The Australian Community Cinema Project Putting The Love Back Into Movie Going
Part of the magic of going to the movies is the spontaneous communal reactions we experience. Be it shrieking at a jumpscare, laughing at a joke, cheering after a moment of triumph or bursting into tears in public because that last scene was just too sad. Each of these reactions, bond us not just to the film on screen, but to each other, as human beings. It’s as if for the duration of the running time, we are one with ourselves and each other. One giant, interconnected, cinema loving (or in some cases, loathing) organism, existing in and for the moment. It’s an experience familiar to us all, and a reminder of the power and importance of community in our physical and mental wellbeing.
For 20 years, Perth, Western Australia’s Telethon Community Cinemas, have taken that sense of community to another level, delivering a truly unique cinema-going experience to the patrons of their four outdoor theatres, while raising millions of dollars for children’s charities. A non-profit entity, Telethon Community Cinemas is operated by 700 volunteers, who work tirelessly and selflessly through Perth’s long summer months to host screenings in four distinctly different park locations, Bassendean, Burswood, Murdoch, and ECU Joondalup Pines. It’s a beautiful concept and one that the Western Australian community has warmly embraced, resulting in close to 10 million dollars in donations being made to assorted children’s charities. Founder Ken Gibbons explains, “The primary purpose is to raise funds for children’s charities here in Perth, but we also engage in other community fundraising activities, including screenings for local clubs, and just recently we ran a full day of screenings on Australia Day where we donated every single cent of our profits to the [Australian] bushfire relief efforts”.
The idea of a non-profit cinema is wholesome enough and would have most looking up the next session times to attend, but Telethon Community Cinemas offers so much more than that to the community, as Ken details, even the choice of locations is community focussed. “All of our locations are in parklands, and that is done deliberately to allow for families, friends, and groups to gather and mingle for a couple of hours before the screenings, and make a full night out of it. It can be pretty hard for families to go out for a full evening of entertainment, without having to worry about their kids falling asleep or getting bored or needing to go. Our location allows for them to bring pillows, blankets and other comforts they need, so if the kids need to go to sleep, they can and the parents can still enjoy themselves.”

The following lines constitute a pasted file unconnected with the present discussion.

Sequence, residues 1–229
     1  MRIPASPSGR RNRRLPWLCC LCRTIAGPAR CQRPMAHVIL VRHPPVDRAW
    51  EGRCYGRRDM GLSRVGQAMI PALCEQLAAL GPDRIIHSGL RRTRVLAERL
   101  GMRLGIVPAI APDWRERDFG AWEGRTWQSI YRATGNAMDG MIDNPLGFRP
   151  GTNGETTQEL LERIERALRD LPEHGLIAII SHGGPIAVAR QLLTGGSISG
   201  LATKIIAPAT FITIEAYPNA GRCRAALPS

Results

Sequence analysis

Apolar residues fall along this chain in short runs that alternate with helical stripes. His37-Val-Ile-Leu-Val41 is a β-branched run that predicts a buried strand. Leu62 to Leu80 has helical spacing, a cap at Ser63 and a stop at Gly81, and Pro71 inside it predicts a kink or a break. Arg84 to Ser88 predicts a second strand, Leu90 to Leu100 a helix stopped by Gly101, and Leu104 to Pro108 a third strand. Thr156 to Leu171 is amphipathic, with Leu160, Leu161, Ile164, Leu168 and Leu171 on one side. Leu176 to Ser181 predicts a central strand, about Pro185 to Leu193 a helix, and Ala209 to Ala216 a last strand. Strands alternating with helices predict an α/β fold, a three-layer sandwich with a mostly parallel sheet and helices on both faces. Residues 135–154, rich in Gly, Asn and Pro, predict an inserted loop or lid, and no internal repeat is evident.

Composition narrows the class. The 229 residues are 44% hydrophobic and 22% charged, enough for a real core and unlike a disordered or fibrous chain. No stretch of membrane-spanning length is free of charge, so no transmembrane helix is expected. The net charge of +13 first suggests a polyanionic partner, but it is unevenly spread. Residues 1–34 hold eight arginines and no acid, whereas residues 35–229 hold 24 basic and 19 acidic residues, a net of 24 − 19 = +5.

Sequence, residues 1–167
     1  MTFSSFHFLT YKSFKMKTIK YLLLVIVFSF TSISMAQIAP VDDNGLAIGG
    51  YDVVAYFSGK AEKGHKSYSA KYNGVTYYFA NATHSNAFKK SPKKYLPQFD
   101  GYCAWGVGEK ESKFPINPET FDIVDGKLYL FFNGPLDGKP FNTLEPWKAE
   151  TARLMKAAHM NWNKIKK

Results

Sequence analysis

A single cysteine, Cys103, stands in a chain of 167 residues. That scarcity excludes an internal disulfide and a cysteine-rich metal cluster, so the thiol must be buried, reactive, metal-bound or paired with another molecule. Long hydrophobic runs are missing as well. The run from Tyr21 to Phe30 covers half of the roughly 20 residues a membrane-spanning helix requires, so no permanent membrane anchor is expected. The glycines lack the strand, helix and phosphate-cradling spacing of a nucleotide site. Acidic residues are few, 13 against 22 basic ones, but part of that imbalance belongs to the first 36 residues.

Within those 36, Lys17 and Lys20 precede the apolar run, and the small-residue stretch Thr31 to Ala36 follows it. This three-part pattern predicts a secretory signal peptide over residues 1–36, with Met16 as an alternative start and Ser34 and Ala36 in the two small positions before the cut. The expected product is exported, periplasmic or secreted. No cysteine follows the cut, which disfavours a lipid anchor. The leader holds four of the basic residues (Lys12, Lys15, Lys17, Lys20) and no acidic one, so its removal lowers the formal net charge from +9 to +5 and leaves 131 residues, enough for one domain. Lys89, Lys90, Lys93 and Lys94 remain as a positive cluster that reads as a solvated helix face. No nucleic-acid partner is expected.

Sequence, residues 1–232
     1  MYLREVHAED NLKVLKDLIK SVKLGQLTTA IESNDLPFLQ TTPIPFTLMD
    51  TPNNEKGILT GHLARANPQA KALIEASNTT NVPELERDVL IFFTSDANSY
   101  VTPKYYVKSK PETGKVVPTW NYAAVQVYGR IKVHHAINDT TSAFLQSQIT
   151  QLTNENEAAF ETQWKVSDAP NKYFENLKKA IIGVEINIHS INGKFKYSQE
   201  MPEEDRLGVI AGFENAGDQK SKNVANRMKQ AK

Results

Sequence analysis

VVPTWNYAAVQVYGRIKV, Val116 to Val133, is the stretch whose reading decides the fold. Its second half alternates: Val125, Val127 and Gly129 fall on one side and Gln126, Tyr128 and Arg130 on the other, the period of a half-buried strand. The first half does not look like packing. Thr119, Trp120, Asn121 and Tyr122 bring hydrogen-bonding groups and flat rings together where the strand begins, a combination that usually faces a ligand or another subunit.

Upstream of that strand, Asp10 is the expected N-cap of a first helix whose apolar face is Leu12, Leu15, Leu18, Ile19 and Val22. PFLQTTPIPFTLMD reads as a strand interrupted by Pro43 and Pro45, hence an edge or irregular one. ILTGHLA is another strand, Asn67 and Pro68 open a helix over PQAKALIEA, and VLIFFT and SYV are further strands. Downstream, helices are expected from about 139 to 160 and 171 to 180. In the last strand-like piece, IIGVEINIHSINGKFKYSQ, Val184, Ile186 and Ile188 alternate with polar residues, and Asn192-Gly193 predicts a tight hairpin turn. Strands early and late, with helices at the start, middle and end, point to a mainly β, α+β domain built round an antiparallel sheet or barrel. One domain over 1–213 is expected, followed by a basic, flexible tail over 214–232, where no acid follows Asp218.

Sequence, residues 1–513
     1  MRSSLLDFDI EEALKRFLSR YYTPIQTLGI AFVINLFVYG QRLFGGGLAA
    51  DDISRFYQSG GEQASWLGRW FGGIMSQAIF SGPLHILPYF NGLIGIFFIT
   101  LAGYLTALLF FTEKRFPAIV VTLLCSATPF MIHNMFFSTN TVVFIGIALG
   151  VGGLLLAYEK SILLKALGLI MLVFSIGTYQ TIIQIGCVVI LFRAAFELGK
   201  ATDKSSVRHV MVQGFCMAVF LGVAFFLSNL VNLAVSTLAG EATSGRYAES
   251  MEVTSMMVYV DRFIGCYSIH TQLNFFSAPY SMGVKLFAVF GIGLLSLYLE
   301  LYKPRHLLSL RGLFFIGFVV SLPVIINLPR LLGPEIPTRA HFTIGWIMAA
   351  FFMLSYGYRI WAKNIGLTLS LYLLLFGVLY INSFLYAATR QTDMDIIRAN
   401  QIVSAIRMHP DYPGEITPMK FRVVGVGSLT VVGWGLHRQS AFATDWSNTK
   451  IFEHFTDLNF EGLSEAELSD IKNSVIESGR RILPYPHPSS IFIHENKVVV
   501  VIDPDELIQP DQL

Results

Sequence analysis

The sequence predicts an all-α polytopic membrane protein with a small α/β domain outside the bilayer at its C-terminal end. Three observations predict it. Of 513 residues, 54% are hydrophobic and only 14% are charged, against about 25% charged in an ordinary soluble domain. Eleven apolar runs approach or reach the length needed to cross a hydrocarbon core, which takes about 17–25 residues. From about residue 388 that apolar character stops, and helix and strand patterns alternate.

The freedom and space of the setup also has other benefits, including making for a better cinema-going experience for customers with autism and other conditions that might make the multiplex an uninviting choice. “We have parents who email us and comment on how they’ve been fearful of going to most theatres because their kids who are on the autism spectrum find it all too overbearing and they’ve had some bad experiences. They comment that because of our flexibility, because of how responsive our staff are and how welcoming the environment is, that they’ve been able to enjoy wonderful nights out with their children.”
With 700 people from all walks of life, volunteering their time and skills, the operational model of the cinemas is equally community focussed. Every single screening held is operated by a team of volunteers with varying levels of experience, which allows for Telethon Community Cinemas to act as a valuable training and community integration operation as well. “Every screening is run by a complete team of volunteers. The only qualification needed is a good heart, so we do provide a means for people of varying different levels of abilities or conditional circumstances to get some work experience and feel connected to something bigger than themselves. Whether that’s a 16-year-old needing some customer service skills for employment purposes, or an 80-year-old retiree looking for a way to give something back, they’re all welcome.” The logistics of it all are impressive. “We have 52 teams in total, managed by 26 night managers, with each non-manager donating one night per fortnight. It’s flexible, as people’s circumstances change.”